The new Mazda CX-8 is the vehicle for which the phrase ‘middle of the road’ (or dirt track) was coined. The sports utility vehicle slots in mid-range between the CX-5 and CX-9 with ease while offering diesel power to the mix.

Now with eight variants, the entry-level CX-8 Sport petrol front-wheel drive comes in below 40 grand (just) at $39,910, plus on-road costs, while the halo is carried by the Asaki diesel all-wheel drive at $65,440. The latter was the test car.

The latest upgrade for 2020, the second since its entry to the market in 2018, the even-seat SUV has been given added appeal to customers who look no further than the bitumen with a new 2.5-litre efficient Skyactiv-G petrol engine joining the front-wheel drive variants.

The Skyactiv-D 2.2-litre diesel unit has been maintained in all-wheel drive models for those more adventurous owners wishing to go bush. This is made easier by the addition of Mazda’s newly developed Off-Road Traction Assist to reduce wheel spin by distributing torque to the tyres with most grip.

The entire MY20 CX-8 model rang is backed by a five-year unlimited kilometre warranty and similar term Mazda Premium Roadside Assistance plan.

A refreshed key fob and new nameplate badging are among few changes with the latest Mazda CX-8.

While the whole range – Sport, Touring, GT and Asaki – offers similar looks characteristic of the seven-seat SUV, 19-inch alloy wheels and power automatic tailgate set the Asaki apart.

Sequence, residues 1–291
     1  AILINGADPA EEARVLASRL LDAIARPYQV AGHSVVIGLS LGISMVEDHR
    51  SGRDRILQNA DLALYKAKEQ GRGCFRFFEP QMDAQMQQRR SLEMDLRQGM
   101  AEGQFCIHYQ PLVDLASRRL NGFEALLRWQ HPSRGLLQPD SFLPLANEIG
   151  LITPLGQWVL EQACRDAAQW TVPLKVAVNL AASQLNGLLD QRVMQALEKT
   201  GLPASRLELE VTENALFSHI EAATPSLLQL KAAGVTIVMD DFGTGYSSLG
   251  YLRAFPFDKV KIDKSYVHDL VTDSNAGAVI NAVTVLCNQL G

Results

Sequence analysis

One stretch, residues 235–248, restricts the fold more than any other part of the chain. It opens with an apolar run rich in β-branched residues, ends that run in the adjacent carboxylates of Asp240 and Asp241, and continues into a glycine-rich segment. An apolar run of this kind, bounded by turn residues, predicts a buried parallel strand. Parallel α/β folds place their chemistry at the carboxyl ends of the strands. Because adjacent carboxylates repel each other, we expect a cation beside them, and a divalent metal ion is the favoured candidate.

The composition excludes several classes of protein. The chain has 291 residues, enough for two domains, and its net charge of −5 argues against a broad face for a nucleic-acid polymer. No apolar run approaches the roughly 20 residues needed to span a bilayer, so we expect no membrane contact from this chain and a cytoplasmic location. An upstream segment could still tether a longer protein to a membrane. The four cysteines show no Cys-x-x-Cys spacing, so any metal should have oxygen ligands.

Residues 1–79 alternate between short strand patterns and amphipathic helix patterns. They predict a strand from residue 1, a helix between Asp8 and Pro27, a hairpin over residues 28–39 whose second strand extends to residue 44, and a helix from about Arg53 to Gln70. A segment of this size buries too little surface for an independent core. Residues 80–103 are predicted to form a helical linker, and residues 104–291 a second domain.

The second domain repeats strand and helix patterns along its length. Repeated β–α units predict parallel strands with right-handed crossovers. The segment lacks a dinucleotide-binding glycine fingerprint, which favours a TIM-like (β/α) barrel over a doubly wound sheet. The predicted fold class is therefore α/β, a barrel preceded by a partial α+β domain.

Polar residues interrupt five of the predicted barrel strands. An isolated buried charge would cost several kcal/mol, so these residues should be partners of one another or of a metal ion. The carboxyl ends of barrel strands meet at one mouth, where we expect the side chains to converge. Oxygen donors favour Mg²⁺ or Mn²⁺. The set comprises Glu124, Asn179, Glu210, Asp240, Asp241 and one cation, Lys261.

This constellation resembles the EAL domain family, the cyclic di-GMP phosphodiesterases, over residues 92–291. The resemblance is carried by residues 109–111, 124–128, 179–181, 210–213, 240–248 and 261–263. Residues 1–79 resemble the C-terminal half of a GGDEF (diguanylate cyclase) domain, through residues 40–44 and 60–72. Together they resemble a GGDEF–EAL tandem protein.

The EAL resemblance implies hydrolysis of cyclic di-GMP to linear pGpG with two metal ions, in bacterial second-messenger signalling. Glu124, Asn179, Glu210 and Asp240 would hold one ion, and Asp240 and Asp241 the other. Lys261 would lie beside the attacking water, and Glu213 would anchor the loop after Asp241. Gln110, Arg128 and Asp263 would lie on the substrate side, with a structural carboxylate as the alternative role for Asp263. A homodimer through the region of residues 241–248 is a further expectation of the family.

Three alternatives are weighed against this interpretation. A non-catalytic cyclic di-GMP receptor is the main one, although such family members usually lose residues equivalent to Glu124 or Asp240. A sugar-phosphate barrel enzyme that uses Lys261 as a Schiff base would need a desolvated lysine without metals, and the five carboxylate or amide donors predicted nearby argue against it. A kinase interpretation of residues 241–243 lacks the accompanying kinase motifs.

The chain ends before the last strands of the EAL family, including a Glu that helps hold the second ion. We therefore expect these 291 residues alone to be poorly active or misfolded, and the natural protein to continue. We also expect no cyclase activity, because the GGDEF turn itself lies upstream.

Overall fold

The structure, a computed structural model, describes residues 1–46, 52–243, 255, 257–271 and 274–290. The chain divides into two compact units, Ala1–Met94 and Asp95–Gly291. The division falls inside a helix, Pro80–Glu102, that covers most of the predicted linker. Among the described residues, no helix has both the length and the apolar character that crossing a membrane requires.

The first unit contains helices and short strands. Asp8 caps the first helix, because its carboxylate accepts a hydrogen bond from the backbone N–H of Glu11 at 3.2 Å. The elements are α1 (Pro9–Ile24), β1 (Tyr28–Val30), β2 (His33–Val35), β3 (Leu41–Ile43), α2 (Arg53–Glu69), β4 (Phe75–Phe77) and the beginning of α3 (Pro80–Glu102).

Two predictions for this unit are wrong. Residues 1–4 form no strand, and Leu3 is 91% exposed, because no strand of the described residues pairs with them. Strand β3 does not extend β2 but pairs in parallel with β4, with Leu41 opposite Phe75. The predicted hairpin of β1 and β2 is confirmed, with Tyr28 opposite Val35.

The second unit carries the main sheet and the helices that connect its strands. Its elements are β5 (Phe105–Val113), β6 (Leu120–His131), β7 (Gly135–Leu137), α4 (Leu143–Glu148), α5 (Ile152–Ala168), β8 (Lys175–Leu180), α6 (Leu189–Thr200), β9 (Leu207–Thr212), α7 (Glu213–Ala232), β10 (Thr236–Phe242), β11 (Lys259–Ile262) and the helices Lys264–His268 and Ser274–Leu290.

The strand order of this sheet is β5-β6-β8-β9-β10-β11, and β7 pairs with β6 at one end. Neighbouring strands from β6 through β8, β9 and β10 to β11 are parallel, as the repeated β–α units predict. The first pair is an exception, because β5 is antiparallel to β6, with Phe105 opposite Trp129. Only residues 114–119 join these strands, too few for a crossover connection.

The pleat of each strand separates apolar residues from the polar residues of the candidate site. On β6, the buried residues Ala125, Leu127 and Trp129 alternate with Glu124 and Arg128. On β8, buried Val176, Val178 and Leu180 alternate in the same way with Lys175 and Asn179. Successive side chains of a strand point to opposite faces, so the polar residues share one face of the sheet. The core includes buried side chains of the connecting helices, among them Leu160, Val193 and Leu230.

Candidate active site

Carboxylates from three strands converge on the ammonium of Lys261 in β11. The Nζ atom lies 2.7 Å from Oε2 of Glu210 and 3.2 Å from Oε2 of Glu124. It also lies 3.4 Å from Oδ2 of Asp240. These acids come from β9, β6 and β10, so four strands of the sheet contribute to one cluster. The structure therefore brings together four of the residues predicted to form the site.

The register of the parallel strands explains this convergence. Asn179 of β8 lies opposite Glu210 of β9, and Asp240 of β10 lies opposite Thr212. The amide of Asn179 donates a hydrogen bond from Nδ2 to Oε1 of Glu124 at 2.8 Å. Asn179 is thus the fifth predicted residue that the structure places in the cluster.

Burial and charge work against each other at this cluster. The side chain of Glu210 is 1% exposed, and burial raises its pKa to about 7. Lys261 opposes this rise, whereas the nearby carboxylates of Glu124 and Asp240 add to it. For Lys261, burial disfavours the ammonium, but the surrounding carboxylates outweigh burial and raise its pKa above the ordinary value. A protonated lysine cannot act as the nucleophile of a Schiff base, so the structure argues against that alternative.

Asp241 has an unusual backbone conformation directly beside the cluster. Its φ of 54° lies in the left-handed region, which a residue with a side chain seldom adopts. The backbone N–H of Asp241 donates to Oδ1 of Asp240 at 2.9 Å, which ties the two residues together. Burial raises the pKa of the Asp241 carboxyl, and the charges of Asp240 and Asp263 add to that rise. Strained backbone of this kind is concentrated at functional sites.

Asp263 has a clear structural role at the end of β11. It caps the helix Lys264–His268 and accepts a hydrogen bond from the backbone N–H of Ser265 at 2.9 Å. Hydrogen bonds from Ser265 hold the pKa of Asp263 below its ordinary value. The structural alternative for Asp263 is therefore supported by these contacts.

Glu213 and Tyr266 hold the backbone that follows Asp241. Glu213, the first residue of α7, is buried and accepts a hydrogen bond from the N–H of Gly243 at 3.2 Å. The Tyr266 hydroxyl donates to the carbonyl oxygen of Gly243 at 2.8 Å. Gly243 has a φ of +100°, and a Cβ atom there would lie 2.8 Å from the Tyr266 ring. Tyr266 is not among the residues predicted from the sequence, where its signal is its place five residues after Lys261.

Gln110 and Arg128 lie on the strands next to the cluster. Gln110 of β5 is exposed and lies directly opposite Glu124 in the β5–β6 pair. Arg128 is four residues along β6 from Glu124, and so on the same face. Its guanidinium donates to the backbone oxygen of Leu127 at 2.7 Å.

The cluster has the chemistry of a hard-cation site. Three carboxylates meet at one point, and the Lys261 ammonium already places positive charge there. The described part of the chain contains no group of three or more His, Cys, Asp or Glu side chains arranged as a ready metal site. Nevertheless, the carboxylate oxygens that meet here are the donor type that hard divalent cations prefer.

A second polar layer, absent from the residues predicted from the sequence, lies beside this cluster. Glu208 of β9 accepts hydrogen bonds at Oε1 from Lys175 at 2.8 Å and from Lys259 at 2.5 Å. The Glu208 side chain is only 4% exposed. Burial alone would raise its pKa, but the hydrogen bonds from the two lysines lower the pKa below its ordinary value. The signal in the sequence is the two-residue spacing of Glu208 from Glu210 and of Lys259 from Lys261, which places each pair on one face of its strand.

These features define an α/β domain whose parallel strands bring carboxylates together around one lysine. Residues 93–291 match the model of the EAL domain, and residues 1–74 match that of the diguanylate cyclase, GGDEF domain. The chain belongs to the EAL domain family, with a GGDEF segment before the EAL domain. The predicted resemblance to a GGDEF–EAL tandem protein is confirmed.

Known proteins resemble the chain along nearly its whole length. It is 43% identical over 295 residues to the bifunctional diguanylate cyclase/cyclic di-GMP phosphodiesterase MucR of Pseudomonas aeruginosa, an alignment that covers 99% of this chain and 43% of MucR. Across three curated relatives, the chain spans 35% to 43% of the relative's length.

Those familiar with Mazda’s layout of controls and instruments will feel at home in the latest CX-8 with minimum changes indoors. Genuine timber trim on doors and dash, and front seat ventilation set the Asaki apart from the rest of the range.

However, one stand-out feature of the test Asaki, not in the most attractive way, was the leather upholstery. The white colour of the test vehicle stuff was an assault on the eyes and would be a bugger to keep clean.

There’s no lack of space for occupants with an electric sunroof emphasising the open feeling in the cabin.

Work by engineers has improved noise, vibration and harshness quality by adding more damping material to the roof.

As well as the 8-inch full-colour dashboard display there’s a 7-inch multi-information meter and head-up windscreen display. Apple Carplay and Android Auto are standard.

The Asaki also boasts a Bose Premium 273W amplifier and ten speakers, including subwoofer.

The latest 2.5-litre petrol engines are limited to front-wheel drive variants, while the carried-over 2.2-litre four-cylinder twin-turbocharged diesel motor with i-Stop, mated with a six-speed automatic, transmission serves the rest of the range.

A top-rate ANCAP safety score comes care of blind spot monitoring, lane departure warning, lane keeping assist, rear cross-traffic alert and traffic sign recognition.

Thrown in are an advanced version of Smart City Brake Support with added night-time pedestrian protection plus larger eight-inch central dashboard display with bigger icons for easier recognition.